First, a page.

In this talk, Nathan Freitas — Berkman Fellow, director of technology strategy and training at the Tibet Action Institute. and leader of the Guardian Project — questions the risks to privacy and security foreign users engage in when adopting apps from Chinese companies. Do the Chinese companies behind these services have any market incentive or legal obligation to protect the privacy of their non-Chinese global userbase? Do they willingly or automatically turn over all data to the Ministry of Public Security or State Internet Information Office? Will we soon see foreign users targeted or prosecuted due to “private” data shared on WeChat? And is there any fundamental difference in the impact on privacy freedom for an American citizen using WeChat versus a Chinese citizen using WhatsApp or Google?


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Jessica Silbey on The Eureka Myth: Creators, Innovators and Everyday Intellectual Property

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Why do people create and innovate? And how does intellectual property law encourage, or discourage, the process?

In this talk Jessica Silbey — Professor at Suffolk University Law School — discusses her recent book The Eureka Myth: Creators, Innovators, and Everyday Intellectual Property, which investigates the motivations and mechanisms of creative and innovative activity in everyday professional life.

Based on over fifty face-to-face interviews, the book centers on the stories told by interviewees describing how and why they create and innovate and whether or how IP law plays a role in their activities. The goal of the empirical project was to figure out how IP actually works in creative and innovative fields, as opposed to how we think or say it works (through formal law or legislative debate). Breaking new ground in its qualitative method examining the economic and cultural system of creative and innovative production, The Eureka Myth draws out new and surprising conclusions about the sometimes misinterpreted relationships between creativity, invention and intellectual property protections.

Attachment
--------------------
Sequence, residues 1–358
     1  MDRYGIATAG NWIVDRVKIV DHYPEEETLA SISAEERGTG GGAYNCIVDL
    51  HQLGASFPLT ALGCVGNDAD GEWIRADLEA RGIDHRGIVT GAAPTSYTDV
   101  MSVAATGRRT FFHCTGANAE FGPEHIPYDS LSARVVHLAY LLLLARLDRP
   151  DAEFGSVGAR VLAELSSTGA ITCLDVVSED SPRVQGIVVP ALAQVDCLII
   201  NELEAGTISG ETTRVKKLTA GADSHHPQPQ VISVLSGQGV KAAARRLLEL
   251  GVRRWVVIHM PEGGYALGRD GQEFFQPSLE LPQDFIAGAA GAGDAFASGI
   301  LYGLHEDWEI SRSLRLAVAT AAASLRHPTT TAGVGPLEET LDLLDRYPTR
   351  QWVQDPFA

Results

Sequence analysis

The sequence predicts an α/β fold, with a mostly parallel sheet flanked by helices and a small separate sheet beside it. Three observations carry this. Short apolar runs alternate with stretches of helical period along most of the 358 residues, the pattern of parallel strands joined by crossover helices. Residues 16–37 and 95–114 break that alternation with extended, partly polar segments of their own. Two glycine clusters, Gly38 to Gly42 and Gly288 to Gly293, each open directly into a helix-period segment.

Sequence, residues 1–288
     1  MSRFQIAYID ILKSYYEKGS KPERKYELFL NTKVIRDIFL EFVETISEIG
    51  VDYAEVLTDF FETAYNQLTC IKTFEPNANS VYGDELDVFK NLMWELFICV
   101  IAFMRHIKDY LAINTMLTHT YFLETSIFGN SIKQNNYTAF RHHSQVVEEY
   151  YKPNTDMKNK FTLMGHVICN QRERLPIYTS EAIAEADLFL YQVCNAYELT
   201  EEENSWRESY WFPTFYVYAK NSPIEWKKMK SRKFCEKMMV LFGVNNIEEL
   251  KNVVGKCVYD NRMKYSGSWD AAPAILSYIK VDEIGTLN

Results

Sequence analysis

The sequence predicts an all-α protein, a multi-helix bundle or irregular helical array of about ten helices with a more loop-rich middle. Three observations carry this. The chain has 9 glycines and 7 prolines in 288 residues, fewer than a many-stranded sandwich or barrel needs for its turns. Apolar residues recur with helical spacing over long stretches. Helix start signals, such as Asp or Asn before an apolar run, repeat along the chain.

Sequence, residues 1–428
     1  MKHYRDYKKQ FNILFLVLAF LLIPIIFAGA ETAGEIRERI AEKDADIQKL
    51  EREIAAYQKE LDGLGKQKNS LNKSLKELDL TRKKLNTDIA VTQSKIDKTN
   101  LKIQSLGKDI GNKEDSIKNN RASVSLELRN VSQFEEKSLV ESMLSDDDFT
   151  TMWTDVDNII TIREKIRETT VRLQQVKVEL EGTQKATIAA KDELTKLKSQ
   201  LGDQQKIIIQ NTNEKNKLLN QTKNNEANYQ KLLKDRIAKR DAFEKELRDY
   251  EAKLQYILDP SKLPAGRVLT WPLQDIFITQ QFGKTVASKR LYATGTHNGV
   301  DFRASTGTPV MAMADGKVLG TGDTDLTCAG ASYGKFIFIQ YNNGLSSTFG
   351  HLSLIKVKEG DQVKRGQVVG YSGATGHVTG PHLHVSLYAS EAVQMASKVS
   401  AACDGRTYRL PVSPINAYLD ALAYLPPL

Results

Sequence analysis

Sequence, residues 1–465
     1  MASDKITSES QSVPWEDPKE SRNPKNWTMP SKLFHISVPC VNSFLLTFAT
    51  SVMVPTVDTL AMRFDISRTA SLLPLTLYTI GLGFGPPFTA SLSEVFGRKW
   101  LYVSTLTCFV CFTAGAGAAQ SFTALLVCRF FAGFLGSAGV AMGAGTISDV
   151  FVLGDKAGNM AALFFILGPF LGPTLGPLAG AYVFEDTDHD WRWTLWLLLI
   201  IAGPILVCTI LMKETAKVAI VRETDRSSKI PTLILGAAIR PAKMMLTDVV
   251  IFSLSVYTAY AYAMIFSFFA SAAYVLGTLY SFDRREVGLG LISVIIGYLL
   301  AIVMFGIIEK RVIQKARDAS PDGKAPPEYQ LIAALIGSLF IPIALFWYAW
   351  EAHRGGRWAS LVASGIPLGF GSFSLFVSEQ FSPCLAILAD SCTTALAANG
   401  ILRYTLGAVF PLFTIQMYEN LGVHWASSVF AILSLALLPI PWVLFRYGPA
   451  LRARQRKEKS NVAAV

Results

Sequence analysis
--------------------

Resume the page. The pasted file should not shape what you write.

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Tim Davies on Unpacking Open Data: Power, Politics and the Influence of Infrastructures

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Countries, states & cities across the globe are embracing the idea of ‘open data': establishing platforms, portals and projects to share government managed data online for re-use. Yet, right now, the anticipated civic impacts of open data rarely materialize, and the gap between the promise and the reality of open data remains wide.

In this talk, Tim Davies — Berkman affiliate and a social researcher focussing on the development of the open government data landscape around the world — questions the ways in which changing regimes around data can reconfigure power and politics, and considers opportunities to re-imagine the open data project, not merely as one of placing datasets online, but as one that can positively reshape the knowledge infrastructures of civic life.


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BONUS: watch Willow Brugh’s live animation of this discussion.

Molly Sauter on “The Coming Swarm”

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What is the role of the internet in political activism and speech? Is there any room for nuance between hacking and “cyber-terrorism?”

Molly Sauter — research affiliate at the Berkman Center and author of “The Coming Swarm: DDoS, Hacktivism, and Civil Disobedience on the Internet” — discusses the history, development, theory, and practice of distributed denial of service actions as a tactic of political activism.


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*Correction from Molly Sauter: “The plea deal of the PayPal14 stipulates that each defendant owes $5,600 in restitution payments to the PayPal corporation, not $1,600 as I state in the video.”

Brad Smith and Jonathan Zittrain on Privacy, Surveillance, and Rebuilding Trust in Tech

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One of the enduring issues in cyberspace is which laws apply to online activities. We see this most clearly today in the reaction to revelations about government surveillance: on one hand, individuals are increasingly seeking assurances that their content is protected from government overreach, while governments want to ensure they have access to information to enforce their laws, even if that content is stored outside their borders. We see this same tension in debates over privacy protection for data placed on line by consumers.

Brad Smith — Microsoft’s general counsel and executive vice president of Legal and Corporate Affairs — and Jonathan Zittrain — Professor of Law at Harvard Law School and co-founder of the Berkman Center for Internet & Society — explore the role of law in protecting our rights in the physical world online, the complementary roles of law and technology in achieving this protection, and the need for governments to come together so that companies (and customers) don’t face conflicting legal obligations.